Radar Graphing Transitions in Urban Climate Policy

One of our first undertakings in Keystone Cities was to do some rapid comparative policy analysis. 

The goal was to generate an accurate qualitative analysis of two different municipal climate change plans, while giving everyone a chance to get their hands dirty digging in some actual climate policy documents. 

In this case we compared Portland's 1993 Carbon Reduction Strategy, and it's most recent Climate Change Action Plans.  The results were really interesting.



Participants evaluated the plans based on how they engaged with different actors (various municipal departments, community groups, and businesses) as well as the relative strength of the targets they proposed, and the way in which climate objectives were linked to other synergies and co-benefits.  Those variables were all graphed using radars graphs to create a concise visual rendering of the way in which the city is approaching climate policies and, in this case, how that approach has changed over time.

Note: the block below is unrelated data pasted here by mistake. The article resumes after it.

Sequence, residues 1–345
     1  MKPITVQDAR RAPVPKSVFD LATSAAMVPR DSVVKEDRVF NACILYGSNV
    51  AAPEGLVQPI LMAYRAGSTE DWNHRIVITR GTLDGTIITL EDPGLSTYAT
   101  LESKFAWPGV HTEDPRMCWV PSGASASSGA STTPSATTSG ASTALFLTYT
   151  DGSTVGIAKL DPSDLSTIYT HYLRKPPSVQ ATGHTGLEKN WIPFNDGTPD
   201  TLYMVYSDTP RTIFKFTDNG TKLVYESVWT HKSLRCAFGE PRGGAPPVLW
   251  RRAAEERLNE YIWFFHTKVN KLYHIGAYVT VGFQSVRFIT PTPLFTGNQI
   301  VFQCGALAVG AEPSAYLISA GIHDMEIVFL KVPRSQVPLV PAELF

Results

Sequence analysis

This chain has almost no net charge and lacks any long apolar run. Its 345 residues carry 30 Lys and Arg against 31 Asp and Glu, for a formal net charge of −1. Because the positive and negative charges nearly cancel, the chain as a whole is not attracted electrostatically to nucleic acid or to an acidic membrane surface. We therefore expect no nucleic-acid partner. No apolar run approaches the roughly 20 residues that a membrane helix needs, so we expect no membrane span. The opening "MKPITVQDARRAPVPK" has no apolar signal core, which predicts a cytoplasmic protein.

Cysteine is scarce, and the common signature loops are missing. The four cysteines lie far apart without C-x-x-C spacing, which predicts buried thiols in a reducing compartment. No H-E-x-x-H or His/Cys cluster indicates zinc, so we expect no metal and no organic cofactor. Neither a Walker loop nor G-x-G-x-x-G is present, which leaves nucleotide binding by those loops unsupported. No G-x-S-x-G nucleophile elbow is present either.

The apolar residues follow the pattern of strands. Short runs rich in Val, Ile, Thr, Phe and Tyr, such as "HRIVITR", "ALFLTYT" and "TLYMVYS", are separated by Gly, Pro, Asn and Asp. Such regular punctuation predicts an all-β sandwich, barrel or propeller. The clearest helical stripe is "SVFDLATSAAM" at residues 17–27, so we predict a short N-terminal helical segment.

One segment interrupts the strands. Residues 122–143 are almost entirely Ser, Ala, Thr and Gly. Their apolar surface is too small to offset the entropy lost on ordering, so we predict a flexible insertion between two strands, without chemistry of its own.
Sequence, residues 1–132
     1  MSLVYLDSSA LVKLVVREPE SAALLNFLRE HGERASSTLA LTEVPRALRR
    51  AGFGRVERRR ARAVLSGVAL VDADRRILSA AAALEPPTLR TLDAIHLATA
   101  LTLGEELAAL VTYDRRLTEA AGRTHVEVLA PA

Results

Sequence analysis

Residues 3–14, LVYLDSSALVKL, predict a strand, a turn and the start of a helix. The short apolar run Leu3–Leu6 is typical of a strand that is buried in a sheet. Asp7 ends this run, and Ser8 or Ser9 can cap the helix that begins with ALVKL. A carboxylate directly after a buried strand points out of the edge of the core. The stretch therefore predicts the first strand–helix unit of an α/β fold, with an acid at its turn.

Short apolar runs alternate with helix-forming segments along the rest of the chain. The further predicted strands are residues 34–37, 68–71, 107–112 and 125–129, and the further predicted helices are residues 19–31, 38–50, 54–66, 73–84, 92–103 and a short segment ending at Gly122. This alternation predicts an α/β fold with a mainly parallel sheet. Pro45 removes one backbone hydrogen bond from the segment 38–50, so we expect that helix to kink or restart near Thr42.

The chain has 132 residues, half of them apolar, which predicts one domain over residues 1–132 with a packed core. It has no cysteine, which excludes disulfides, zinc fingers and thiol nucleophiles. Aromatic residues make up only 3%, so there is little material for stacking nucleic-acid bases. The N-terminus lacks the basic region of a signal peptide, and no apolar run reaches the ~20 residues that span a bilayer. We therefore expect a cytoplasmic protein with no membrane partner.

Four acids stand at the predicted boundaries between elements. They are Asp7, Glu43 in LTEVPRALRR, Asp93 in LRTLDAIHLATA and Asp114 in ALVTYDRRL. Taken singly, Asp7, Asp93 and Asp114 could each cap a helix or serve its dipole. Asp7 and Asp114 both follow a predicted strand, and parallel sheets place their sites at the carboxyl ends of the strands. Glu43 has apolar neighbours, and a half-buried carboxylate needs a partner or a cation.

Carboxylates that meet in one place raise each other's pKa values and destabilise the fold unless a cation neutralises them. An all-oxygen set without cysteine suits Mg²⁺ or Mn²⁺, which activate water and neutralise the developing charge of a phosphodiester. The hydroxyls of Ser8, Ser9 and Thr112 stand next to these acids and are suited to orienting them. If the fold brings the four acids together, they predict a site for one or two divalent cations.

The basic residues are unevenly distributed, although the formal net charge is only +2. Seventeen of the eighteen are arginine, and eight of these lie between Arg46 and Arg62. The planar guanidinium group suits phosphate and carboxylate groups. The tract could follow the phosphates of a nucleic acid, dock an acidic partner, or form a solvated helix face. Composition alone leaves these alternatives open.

In all of the key sectors (renewable energy, energy efficiency, and transportation) we saw a move towards increasing engagement with communities and businesses, more integration of initiatives across municipal silos, and more awareness and emphasis on the synergies and co-benefits that can emerge from climate policies.  The transition was uneven, but the movement overall was clear.  You can get a sense of it in the two radar graphs above that summarize the general approach to climate policy pursued in the 1993 and 2009 plans.

 To get a clearer sense of what is being graphed, here is the key that we used to guide evaluations along the different axis.


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